The Australian and New Zealand delegations held a lunch with delegates from Micronesia, Timor-Leste and Tonga to discuss the engagement of Pacific Island parliaments in the work of the IPU. The Australian delegation also had a bilateral discussion with members of the delegations from Ireland and Serbia. We have a lot of history with Ireland with migration to Australia and the formation of the country.
On behalf of the delegation I express my sincere thanks to the parliament of Canada for the great assembly they put on. It was very effective and very efficiently run. Australia has so much in common in policy terms with Canada and it is always a pleasure to go there and spend time with their MPs.
The delegation undertook a bilateral visit to Argentina, as I mentioned. That was a comprehensive program meeting with Australian businesses in Argentina, particularly in the mining sector and the energy sectors. The delegation was welcomed and we had very good, frank discussions on those issues. Argentina does not seem to have the history of mining that we have, though it has great potential to do so and has some very successful mining taking place. The delegation would like to acknowledge Senator Sonia Escudero for the time and the assistance which she extended to the delegation during its stay. She is certainly a great friend of Australia. The delegation expresses its sincere appreciation to the Argentine parliament and the government of San Juan province for providing such a rich and engaging program for the time that we spent with them. It was very stimulating and there were great discussions with the provincial government. They are certainly go-ahead, looking to use innovation and especially knowledge and data to help formulate their policy positions.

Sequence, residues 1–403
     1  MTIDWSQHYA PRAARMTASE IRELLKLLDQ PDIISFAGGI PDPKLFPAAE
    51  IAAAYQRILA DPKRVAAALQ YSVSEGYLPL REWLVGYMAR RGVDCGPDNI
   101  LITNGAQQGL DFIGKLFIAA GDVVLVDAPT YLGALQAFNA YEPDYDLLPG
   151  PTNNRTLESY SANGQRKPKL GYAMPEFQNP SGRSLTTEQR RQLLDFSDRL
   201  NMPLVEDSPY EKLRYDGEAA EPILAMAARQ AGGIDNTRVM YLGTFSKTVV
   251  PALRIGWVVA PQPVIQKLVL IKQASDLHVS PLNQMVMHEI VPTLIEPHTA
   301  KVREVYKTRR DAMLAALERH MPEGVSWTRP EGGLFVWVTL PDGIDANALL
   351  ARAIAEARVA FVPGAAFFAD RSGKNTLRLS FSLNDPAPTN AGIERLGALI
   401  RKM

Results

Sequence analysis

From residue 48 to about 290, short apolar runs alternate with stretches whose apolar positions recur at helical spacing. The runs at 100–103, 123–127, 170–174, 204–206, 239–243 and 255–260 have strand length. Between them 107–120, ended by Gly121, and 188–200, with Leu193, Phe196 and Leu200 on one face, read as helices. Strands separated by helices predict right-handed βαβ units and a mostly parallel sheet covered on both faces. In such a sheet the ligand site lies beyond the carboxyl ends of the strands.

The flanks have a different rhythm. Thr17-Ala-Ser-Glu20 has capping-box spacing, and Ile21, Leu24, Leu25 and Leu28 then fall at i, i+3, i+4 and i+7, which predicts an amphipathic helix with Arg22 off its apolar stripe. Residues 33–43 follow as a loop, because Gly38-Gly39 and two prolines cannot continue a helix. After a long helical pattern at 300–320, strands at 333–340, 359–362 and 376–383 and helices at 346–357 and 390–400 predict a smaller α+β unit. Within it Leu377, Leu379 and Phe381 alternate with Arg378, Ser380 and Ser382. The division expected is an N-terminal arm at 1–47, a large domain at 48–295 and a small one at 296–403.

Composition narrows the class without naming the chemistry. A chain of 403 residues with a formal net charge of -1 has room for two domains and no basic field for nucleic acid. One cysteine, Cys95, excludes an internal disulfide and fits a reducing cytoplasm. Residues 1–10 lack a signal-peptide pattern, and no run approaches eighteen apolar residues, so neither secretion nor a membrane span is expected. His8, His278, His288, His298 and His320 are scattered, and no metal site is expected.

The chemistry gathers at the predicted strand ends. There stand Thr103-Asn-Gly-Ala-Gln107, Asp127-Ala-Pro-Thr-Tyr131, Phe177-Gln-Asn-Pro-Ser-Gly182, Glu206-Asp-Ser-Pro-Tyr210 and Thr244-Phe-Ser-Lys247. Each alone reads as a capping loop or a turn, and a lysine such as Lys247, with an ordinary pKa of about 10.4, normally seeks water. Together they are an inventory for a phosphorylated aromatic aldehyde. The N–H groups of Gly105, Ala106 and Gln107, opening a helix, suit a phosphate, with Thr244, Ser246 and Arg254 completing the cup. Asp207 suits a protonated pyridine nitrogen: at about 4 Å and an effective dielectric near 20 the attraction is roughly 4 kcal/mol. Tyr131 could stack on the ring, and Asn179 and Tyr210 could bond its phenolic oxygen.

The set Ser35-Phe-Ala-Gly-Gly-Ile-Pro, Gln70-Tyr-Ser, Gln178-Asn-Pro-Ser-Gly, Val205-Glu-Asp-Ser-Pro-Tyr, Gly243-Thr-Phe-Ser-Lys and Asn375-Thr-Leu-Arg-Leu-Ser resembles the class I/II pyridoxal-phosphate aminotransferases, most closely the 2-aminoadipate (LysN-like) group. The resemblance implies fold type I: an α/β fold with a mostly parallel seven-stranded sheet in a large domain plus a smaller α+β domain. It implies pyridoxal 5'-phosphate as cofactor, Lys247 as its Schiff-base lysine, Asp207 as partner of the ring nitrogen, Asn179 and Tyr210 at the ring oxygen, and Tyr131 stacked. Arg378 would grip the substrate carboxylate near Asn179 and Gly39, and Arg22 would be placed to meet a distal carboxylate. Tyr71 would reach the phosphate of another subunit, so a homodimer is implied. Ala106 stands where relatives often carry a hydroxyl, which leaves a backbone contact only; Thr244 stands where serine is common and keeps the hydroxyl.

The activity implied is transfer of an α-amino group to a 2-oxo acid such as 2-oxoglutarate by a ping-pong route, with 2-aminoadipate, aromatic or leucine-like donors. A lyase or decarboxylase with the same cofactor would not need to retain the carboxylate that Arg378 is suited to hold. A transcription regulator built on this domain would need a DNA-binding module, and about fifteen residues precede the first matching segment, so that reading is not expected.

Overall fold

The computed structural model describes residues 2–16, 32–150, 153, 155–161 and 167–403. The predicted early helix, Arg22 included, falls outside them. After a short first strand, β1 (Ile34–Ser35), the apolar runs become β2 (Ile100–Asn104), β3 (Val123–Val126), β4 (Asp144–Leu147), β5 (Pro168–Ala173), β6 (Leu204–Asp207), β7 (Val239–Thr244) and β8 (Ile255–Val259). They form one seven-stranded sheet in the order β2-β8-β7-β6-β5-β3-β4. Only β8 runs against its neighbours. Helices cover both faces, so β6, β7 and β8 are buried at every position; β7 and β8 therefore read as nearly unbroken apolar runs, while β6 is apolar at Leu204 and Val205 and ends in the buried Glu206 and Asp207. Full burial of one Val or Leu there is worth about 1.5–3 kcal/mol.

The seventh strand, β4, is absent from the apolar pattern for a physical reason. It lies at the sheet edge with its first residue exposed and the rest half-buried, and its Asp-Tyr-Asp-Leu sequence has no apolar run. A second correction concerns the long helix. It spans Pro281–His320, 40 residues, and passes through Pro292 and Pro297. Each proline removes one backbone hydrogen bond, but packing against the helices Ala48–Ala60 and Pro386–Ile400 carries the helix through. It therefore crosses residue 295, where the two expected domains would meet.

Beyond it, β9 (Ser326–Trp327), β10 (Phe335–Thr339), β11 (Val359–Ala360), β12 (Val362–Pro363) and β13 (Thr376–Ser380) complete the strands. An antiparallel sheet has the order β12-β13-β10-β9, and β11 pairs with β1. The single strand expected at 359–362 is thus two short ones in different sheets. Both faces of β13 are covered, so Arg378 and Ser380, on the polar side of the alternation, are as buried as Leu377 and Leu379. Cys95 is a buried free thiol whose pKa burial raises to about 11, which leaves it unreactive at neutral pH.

I would also like to acknowledge the support given by our diplomatic representatives in Canada and Argentina. Both missions are to be commended for their work and careful attention to detail to make the delegation's visit a success. The previous speaker mentioned the opportunities for Australia and, being a member of the foreign affairs committee, I think its report brought down in this parliament gives us a direction for new opportunities and new posts where Australia needs to be putting its energy and money for the future and for where we will be in the world and what is in the interests of the country.
I also express gratitude to the ambassador to Argentina, Patricia Holmes, and her staff at the Australian embassy for their part in arranging the delegation's program, the briefings and arrangements. They were particularly good and I thank her very much. I also thank Mr Lucas Robson, first secretary to the Australian high commission in Ottawa, for his advice and practical assistance in Quebec. It helped us a great deal.
The delegation wishes to thank the Department of Foreign Affairs and Trade and the Parliamentary Library for comprehensive and formal written briefings prior to the delegation's departure. Special thanks go to the International and Community Relations Office for its logistics work in getting us organised. To Jeanette Radcliffe, secretary to the delegation, I offer special thanks for helping us get through and keep a direction of what we were doing. Finally, I would like to thank my fellow delegates for their participation in this delegation. It was a very full program with 12-to-14-hour days and early geopolitical meetings starting at eight every morning. You never go backwards in those meetings. So I thank them for their hard work and commend the report to the House.